Miguel Corona

Research interests | Curriculum vitae

Research interests

The biology of social insects possesses two exceptional biological phenomena that have attracted my attention. The first of these phenomena is caste determination, a process in which usually two genetically identical individuals develop into queen or worker by differential nutrition during larval stages. I started to study the molecular bases of caste determination in honey bees during my PhD. in the National University of Mexico. The other exceptional biological phenomena that have fascinated me are the outstanding longevity and reproductive differences between queen and worker castes of social insects. Queens are both long-lived and fertile, while workers are short-lived and normally sterile. Since queens escape the typical tradeoff between longevity and fertility observed in most living organism, they are ideally suited to explore the mechanism by which evolution can change gene regulation to produce both long-lived and highly active reproductive individuals. During my stay in the Robinson lab in the University of Illinois, I studied this process in honey bees, which queen live for 1-3 years. Caste differences in lifespan are even more extreme in some ant species. During my postdoctoral stay in the Keller lab, I will extent my research in aging and longevity, using the ant Lasius niger. The queens of this enigmatic ant can reach the age of 29 years, one of the largest lifespan records in insects. Our main working hypothesis is that queen and worker lifespan phenotypes are regulated by nutrition. We hypothesize that changes in nutrition during adult stages, determine different physiological conditions resulting in short and long life phenotypes. The regulation of longevity in adult individuals is expected be regulated by similar general molecular mechanisms operating during the caste determination process, but with substantial differences in their regulation. My ultimate aspiration is that the results of my research help to the understanding of the molecular bases of aging and provides insights of how we could age better.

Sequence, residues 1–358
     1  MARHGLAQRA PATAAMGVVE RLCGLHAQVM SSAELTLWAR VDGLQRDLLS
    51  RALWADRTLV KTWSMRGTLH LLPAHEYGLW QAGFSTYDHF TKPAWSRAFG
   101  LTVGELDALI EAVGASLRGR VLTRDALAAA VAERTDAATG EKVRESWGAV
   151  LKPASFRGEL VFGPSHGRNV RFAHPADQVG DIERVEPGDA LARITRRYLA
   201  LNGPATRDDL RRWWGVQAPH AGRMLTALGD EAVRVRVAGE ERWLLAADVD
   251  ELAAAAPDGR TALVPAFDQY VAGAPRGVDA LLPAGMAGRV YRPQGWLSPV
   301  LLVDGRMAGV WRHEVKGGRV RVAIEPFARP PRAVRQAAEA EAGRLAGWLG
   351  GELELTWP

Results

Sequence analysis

Curriculum vitae

Born on October 3, 1966 in Guadalajara, Jalisco, Mexico.

2008- present
Postdoctoral Research Associate. Department of Ecology and Evolution, University of Lausanne. Research theme: The social insects as a model for the study of aging and longevity. Advisor: Laurent Keller.

Postdoctoral Research Associate. Departament of Entomology. University of Illinois. Research theme: "The honey bee as a model for the study of the molecular mechanism of aging". Department of Entomology and The Institute for Genomic Biology. Advisor: Gene E. Robinson.

Associate Professor. Institute of Biotechnology. National University of Mexico.

Doctorate Degree (Ph.D.) Institute of Biotechnology. National University of Mexico. "Isolation and characterization of mRNA differentially expressed during larval development of queen and worker honey bees" Advisor: Dr. Mario Zurita.

Master Degree (M.Sc.) National University of México. Thesis title: " Characterization of genes encoding for scorpion toxins blocking Na+ channels". Institute of Biotechnology. National University of Mexico. Advisors: Baltazar Becerril and Lourival D. Possani.

Biology Studies (B.Sc) University of Guadalajara. Thesis title: "Implementation of a general method for the Characterization of genes encoding for scorpion venom toxins" Institute of Biotechnology. National University of Mexico. Advisors: Baltazar Becerril, Lourival D. Possani and Francisco Bolivar.


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